And when we return to the images of the two friends of the Straubs (Straschek and Nestler) reading, it is clear that they are not professional 'speakers'. And what do they read by the way? Let us quote. In the letter from Schönberg to Kandinsky: “When I walk in the street and all men look to see if I am a Jew or a Christian, I cannot tell everyone that I am the one whom Kandinsky and some others make an exception of, while doubtless Hitler is not of this opinion.” And Brecht: “Those who are against Fascism without being against capitalism, who lament over the barbarism that comes out of barbarism, are like people who wish to eat their veal without slaughtering the calf. They are willing to eat the calf, but they dislike the sight of blood.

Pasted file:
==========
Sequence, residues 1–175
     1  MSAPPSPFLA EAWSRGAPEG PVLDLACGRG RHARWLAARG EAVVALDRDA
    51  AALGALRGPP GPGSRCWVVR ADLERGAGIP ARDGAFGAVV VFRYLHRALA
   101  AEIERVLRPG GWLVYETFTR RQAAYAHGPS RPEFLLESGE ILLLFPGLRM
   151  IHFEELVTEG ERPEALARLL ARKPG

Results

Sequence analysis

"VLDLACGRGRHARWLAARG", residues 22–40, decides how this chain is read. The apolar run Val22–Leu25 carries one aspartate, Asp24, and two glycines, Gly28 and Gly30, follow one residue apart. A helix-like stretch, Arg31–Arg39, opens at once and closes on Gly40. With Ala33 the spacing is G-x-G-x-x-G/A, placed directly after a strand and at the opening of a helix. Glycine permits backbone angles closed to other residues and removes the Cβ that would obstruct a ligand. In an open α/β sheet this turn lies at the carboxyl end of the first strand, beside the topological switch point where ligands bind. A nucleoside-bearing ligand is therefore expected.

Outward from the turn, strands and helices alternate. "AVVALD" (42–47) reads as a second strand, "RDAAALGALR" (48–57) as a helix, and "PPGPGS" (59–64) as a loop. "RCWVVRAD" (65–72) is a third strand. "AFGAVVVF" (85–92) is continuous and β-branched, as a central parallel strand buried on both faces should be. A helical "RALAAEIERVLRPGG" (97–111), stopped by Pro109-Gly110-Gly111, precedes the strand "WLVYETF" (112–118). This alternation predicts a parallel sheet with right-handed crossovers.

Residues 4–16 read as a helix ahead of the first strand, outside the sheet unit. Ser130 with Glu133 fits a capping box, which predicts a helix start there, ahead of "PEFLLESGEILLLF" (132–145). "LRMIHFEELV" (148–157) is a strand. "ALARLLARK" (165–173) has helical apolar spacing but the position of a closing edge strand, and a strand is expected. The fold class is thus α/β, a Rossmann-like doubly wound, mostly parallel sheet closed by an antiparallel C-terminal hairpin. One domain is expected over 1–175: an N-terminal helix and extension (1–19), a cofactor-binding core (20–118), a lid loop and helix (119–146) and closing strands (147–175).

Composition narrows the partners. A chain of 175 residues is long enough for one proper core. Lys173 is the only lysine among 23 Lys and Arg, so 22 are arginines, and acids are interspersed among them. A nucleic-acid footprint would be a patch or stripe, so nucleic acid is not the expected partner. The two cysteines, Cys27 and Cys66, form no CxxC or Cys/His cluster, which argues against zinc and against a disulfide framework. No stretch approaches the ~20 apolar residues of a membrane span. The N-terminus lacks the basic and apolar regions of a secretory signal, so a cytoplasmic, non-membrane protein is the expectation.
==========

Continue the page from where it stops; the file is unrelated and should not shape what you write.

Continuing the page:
What do these two speeches have in common? These are speeches of victims, of people in exile, speeches that do not participate in any power. Never.
The question at hand is significant: how to stage speeches in a film (or these specific speeches, which are literary texts)? The Straubs' solution is at least paradoxical, something born from fantasy: to inscribe, to lodge discourses “of resistance” in the dominant devices. Fantasy: a state radio voicing Brecht. In order to have, at once, the enjoyment of revenge (the extreme – comical – instance of such a revenge would be Zitrone reciting Brecht), and most of all to get close to the moment when, between dominated discourse and dominating device, the incompatibility, the non-reconciliation takes its course. Still,and again and again.